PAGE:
Law professor C. Edwin Baker developed the “liberty model” of the First Amendment as an alternative to the model of the “marketplace of ideas,” which the Supreme Court has often cited in its decisions. Baker (1989) believes that the marketplace model, which he largely traces to John Stuart Mill’s On Liberty, is unpersuasive because it rests on unproven ideas that truth is objective and discoverable, that people are basically rational, and that this rationality would enable individuals to judge such truths (pp.6–7). Baker similarly rejects the idea that the First Amendment was primarily designed to protect “political speech”; indeed, he argues that this is simply an attempt to adapt the marketplace of ideas approach to the political arena (p.28).

Baker says that in his liberty model, “Speech or other selfexpressive conduct is protected not as a means to achieve a collective good but because of its value to the individual” (p. 5). Baker describes his model as embracing the idea “that the first amendment protects a broad realm of nonviolent, noncoercive, expressive activity” (p. 47). He believes such non violent, noncoercive speech serves two primary values, namely, “self-fulfillment” and “self-realization” (p. 47). Democracies properly promote policies that promote “equal respect for persons as autonomous agents” (p.49).

With such an understanding, it is possible to restrain three distinct types of speech. These are “speech involved in an actual or attempted taking of, or physical injury to, another’s person or property” (p. 59); speech “not chosen by the speaker and which, therefore, cannot be attributed to the speaker’s manifestation of her substantive values” (p. 59; Baker includes most commercial speech in this category); and “speech designed to disrespect and distort the integrity of another’s mental processes or autonomy” (pp.59–60). The latter includes such “speech activities such as fraud, perjury, blackmail, espionage, and treason” (p. 60). With the exception of these three categories of expression, however, Baker’s theory does provide a rationale for the protection of nonviolent symbolic speech (such as wearing arm bands or other political symbols).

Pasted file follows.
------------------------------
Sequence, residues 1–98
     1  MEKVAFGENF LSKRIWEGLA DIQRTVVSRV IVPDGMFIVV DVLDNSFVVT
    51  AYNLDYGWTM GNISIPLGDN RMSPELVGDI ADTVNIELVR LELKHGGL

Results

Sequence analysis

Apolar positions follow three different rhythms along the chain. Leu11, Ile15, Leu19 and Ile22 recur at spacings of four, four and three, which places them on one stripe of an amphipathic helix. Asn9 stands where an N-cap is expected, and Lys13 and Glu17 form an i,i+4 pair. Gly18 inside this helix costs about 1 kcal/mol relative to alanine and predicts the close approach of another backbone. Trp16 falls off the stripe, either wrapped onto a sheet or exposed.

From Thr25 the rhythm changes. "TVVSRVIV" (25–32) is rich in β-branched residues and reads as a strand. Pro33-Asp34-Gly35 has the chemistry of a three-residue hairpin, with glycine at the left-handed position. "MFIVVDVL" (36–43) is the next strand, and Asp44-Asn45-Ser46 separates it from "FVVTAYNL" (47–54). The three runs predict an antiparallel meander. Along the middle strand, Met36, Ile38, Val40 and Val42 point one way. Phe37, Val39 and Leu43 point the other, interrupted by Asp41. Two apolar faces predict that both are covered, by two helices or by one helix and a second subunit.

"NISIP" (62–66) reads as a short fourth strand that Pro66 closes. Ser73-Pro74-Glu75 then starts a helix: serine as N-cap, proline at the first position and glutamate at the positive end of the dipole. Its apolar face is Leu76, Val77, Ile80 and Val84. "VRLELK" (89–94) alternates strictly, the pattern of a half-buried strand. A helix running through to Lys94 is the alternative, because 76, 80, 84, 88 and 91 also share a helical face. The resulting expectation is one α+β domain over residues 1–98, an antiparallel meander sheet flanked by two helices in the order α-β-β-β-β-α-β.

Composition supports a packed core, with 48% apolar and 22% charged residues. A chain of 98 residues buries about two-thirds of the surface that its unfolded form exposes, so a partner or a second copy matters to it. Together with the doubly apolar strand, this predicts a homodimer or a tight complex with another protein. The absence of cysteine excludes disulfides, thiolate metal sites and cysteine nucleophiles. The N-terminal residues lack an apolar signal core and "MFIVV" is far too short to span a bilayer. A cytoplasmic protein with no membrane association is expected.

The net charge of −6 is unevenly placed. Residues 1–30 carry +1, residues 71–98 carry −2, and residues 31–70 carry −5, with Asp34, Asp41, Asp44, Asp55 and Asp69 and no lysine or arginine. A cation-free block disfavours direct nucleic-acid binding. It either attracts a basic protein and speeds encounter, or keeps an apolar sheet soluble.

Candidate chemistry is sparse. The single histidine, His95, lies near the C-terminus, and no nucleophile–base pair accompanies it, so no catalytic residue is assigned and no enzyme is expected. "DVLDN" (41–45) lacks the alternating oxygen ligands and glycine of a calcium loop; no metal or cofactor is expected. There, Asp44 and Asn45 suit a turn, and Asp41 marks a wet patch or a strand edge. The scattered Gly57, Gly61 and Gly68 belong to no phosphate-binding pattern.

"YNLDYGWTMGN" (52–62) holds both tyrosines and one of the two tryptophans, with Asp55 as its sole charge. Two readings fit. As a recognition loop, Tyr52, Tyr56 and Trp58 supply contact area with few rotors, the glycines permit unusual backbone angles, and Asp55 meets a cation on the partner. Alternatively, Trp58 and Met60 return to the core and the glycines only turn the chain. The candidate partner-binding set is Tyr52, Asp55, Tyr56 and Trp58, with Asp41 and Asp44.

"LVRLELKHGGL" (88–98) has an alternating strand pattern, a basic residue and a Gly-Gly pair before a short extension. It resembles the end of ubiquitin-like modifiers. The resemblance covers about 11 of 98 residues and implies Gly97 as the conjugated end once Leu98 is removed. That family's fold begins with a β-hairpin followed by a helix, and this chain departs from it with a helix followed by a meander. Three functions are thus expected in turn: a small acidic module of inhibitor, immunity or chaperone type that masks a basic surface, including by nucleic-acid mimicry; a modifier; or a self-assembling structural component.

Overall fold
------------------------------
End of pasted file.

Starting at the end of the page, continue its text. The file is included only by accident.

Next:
Although Baker does not believe that constitutional literalism or reliance on the intentions of the framers is an adequate method of constitutional interpretation, he maintains that advocates of First Amendment absolutism have often come closer to protecting First Amendment values than have advocates of “balancing.”

Baker believes that his model of free speech gives greater coherence to the First Amendment: “first amendment protections of speech, assembly, and free exercise of religion are merely different markers bounding a single realm of liberty of self-expression and self-determination” (p.5). Baker points out that Thomas Emerson, a noted First Amendment scholar, treats freedom of the press somewhat differently, defending what he calls “the ‘fourth estate’ theory of the press” that he attributes to Justice Potter Stewart (p. 225). This theory, which in turn dates back to a comment by the English philosopher Edmund Burke, notes the role of the press as a “Fourth Estate” (balancing the three estates — clergy, nobility, and commoners — represented within Parliament). Baker recognizes special rights for the press that allow it to defend itself. Arguing that his theory “justifies only ‘defensive’ constitutional rights” for the press, he observes that “despite their instrumentalist foundation, [these rights] should generally take an absolute form” (p.225).

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